A child of two teachers, Thompson broke into Hollywood as a Terminator casualty, but has gone on from there to build a career as either a tough guy or an outright bad guy, mostly in sci-fi/fantasy projects. By the time the 80s were over, he had racked up more than 20 appearances in such shows as Moonlighting, Knight Rider, and Falcon Crest, as well as the classic movies Three Amigos, Miracle Mile, and Alien Nation. In 1989, he landed his first Star Trek role, playing a Klingon officer in The Next Generation, and his relationship with the franchise would persist over the years — he appeared in the Generations movie (1994), in Deep Space Nine (1993 & 1996), and even had a recurring role on Enterprise in 2005.
For this week’s W.Y.O.S.T. subject, the answer is actually no — Don S. Davis was never on one of the Star Trek shows. But he has been a regular on various sci-fi projects for over twenty years, including the other “Star” show, and odds are, you’ve seen him in something. Sadly, he passed away on June 29th, and for this reason, I thought it was only right to bump him to the top of the profile list.
Previously both a soldier and a theater professor, Davis was already 40 years old by the time he arrived on the television and movie scene. His first acting job was a one-shot on Joanie Loves Chachi in 1982, which he followed up over the next decade with a variety other small roles in shows like MacGyver, Wiseguy, L.A. Law, and 21 Jump Street, as well as the movies The Journey of Natty Gann, Stakeout, Watchers, Beyond the Stars, Look Who’s Talking, and Look Who’s Talking Too. But where I first became aware of him was in 1991, when he played the stoic Major Garland Briggs in 16 episodes of David Lynch’s creepy entree into television, Twin Peaks.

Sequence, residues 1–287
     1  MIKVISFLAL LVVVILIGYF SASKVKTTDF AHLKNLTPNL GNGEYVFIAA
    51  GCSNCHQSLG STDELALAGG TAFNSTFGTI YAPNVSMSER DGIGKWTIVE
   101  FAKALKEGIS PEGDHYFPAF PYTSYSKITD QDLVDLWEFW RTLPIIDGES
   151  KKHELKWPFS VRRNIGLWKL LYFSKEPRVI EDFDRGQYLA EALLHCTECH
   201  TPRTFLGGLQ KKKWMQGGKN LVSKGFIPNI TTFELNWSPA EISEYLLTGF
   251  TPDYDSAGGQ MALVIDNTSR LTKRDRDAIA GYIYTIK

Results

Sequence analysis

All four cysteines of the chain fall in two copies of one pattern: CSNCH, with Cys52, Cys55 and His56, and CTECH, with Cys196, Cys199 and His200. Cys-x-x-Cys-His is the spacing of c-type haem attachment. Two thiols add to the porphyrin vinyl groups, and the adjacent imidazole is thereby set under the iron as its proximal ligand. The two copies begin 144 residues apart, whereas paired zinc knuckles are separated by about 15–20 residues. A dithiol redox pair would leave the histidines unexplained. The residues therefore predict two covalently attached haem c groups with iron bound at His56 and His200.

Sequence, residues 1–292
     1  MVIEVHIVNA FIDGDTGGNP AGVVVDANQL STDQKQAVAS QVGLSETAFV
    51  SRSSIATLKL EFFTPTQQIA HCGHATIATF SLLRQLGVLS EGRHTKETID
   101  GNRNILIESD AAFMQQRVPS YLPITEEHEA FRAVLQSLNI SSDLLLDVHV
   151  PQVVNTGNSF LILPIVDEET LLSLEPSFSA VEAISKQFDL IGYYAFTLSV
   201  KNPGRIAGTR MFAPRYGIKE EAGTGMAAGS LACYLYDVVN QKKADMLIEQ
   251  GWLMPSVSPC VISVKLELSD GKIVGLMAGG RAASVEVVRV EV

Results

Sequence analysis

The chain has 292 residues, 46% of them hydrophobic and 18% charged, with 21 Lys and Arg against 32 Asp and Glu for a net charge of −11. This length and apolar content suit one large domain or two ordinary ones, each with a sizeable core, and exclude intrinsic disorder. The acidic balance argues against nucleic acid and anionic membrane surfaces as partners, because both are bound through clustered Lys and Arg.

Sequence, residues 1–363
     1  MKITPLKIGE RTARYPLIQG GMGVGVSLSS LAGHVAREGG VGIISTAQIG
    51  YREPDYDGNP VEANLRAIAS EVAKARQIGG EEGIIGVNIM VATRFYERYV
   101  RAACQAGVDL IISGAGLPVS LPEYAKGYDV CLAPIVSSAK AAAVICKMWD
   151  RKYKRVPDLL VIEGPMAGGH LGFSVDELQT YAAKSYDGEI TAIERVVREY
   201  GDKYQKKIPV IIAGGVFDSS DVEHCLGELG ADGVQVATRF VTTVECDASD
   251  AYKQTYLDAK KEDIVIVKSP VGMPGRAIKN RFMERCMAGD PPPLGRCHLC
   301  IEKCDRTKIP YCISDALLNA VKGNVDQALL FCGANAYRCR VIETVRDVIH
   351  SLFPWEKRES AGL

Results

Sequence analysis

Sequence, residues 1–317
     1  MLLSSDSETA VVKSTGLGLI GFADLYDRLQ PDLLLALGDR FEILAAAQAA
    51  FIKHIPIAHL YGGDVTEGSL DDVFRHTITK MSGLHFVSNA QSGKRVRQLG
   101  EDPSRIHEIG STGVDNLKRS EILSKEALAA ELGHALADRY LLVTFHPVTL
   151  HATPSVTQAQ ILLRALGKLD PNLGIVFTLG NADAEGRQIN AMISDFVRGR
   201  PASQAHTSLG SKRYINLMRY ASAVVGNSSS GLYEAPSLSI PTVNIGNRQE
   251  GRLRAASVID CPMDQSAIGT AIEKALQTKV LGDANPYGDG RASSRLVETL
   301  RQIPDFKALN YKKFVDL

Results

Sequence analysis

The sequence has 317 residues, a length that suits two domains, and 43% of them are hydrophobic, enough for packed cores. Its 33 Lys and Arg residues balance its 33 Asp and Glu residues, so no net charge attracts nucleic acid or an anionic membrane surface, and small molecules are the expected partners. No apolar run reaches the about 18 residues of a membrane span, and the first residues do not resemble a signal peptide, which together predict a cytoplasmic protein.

This week’s W.Y.O.S.T. subject is Patricia Tallman. She popped into my head last week, because she was the co-lead alongside Tony Todd in George Romero’s 1990 remake of Night of the Living Dead, in which she played a considerably updated version of the Barbara character. No longer meek and vulnerable and seemingly catatonic, Tallman’s zombie-killing version of Barbara was an appealing change of pace — a tough 90s echo of Ripley from Aliens and a pre-cursor to Whedon’s Buffy the Vampire Slayer. But it wasn’t until I did an IMDB search that I realized I knew this redheaded actress from some other projects as well.
Patricia Tallman started her acting career on the stage, and didn’t arrive on the Hollywood scene until she landed a role in George Romero’s 1981 movie Knightriders (don’t worry, I’d never heard of it either). The film didn’t do well either critically or at the box office, but it kicked off an ongoing working relationship with Romero and with makeup legend Tom Savini. Over the next decade, she’d work with one or both of the two in various movies and TV shows, including Tales from the Darkside, Creepshow 2, Monkey Shines, and of course, Night of the Living Dead — sometimes as an actress, and sometimes as a stunt woman.